In a case where, at least right now, it’s one man’s word against another’s, the best strategy would be to play up Clemens’ credibility and good character to the public via the media machine. ‘I’ve said enough,’ isn’t a defense or an answer to the charges; it only provokes more questions.

  • Marilyn Casey, APR

    I disagree with your PR commentary about Clemens. How can you say, on one hand (Ms. Hillary), that human emotions are ok, and then say that Clemens seemed cavalier with his answers. I believe he came across as someone angered by his trainer’s smear tactics, based on nothing more than profiting from publicity. I do believe that Clemens hedged a little on some questions, which will raise some doubt about his total innocence.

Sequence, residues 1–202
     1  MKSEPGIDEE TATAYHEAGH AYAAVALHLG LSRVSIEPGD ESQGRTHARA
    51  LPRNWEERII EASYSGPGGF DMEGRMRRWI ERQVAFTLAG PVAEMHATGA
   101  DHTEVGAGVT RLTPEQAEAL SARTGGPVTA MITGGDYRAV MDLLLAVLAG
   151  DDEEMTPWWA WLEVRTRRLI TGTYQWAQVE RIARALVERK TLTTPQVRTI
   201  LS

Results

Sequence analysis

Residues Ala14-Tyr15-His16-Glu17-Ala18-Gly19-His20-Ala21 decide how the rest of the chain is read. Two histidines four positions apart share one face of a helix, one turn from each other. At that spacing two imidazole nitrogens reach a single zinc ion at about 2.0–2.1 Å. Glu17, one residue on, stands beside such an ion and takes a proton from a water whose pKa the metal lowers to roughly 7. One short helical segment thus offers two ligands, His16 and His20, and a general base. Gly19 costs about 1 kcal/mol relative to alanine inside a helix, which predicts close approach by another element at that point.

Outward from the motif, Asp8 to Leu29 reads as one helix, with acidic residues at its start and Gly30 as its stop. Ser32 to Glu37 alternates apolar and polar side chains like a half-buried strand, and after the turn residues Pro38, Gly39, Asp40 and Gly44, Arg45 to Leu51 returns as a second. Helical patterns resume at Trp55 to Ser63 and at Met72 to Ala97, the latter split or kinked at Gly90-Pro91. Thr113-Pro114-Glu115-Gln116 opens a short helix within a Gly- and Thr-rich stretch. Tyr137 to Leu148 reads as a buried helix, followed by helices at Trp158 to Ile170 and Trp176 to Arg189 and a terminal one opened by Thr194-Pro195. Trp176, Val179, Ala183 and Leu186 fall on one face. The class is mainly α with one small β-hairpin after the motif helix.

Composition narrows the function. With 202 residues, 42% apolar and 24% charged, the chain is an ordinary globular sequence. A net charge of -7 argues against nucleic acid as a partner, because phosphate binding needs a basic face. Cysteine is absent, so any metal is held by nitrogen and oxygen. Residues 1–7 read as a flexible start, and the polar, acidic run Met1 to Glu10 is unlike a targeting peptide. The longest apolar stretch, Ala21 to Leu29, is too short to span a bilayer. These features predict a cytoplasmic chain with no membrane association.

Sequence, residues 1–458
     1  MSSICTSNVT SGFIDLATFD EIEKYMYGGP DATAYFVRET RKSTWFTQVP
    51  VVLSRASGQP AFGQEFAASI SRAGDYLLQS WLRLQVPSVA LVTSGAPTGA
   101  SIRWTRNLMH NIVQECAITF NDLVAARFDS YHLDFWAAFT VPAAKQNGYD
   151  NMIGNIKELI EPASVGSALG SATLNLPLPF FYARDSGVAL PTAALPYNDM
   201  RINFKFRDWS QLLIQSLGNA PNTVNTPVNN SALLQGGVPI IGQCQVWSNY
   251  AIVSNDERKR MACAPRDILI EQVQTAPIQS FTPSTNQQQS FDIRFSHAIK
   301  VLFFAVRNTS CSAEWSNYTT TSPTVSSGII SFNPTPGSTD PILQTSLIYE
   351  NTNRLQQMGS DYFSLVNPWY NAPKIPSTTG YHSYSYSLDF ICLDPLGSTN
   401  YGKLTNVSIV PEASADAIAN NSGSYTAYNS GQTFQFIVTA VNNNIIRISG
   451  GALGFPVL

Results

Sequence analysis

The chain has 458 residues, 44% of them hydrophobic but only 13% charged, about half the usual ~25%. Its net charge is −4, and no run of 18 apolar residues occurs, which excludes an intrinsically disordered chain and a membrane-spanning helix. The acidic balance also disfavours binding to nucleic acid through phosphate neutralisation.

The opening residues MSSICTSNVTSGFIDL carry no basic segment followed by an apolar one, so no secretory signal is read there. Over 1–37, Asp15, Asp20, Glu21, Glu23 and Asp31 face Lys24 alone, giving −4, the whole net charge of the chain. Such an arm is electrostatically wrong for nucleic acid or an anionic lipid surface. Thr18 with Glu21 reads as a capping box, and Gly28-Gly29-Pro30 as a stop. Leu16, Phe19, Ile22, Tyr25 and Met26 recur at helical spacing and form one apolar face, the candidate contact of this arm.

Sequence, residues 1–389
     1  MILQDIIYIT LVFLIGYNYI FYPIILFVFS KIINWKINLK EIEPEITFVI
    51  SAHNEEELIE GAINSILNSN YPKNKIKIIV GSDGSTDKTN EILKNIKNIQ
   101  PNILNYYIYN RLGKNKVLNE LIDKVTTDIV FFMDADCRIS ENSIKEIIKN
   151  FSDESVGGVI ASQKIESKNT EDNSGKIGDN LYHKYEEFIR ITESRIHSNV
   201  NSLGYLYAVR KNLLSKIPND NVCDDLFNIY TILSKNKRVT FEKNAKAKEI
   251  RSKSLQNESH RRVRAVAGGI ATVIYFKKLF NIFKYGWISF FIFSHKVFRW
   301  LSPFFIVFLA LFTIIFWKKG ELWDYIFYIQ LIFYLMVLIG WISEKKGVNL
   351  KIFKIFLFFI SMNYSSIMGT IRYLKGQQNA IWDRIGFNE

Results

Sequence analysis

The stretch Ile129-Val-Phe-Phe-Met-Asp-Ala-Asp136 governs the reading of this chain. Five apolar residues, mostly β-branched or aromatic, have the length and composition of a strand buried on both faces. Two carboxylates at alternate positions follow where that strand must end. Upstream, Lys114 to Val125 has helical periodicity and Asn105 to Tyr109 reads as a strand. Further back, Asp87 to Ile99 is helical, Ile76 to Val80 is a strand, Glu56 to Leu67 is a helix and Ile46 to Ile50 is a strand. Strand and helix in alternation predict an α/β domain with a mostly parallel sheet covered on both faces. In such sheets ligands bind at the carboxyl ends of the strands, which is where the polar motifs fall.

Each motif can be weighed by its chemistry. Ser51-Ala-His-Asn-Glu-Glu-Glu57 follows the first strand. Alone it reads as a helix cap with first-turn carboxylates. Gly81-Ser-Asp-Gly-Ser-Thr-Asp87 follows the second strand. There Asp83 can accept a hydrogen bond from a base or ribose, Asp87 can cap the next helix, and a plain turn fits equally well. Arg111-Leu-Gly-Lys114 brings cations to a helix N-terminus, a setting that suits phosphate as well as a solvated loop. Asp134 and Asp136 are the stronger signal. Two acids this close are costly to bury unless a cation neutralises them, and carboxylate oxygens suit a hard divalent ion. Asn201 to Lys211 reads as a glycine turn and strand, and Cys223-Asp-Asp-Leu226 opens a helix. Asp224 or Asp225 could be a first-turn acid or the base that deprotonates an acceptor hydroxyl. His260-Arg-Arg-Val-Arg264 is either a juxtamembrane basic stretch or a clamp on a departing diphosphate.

• keith

    When the truth is on your side, you pound the truth. When the law is on your side, you pound the law. When nothing is on your side, you pound the table–and that is exactly what Clemens is doing.
    However, Clemens can still scrutinive the the acusations and look at the law to retaliate and save his name. If Clemens is telling the truth, he could bring down baseball, saving his name and getting one last giant payday.
    Clemens needs to attack McNamee’s 16 acusations and put pressure on the story. Crying to the media, spitting venom on everyone and playing a phone conversation to the media that causes more questions than it answers is probably the dumbest move I have ever seen.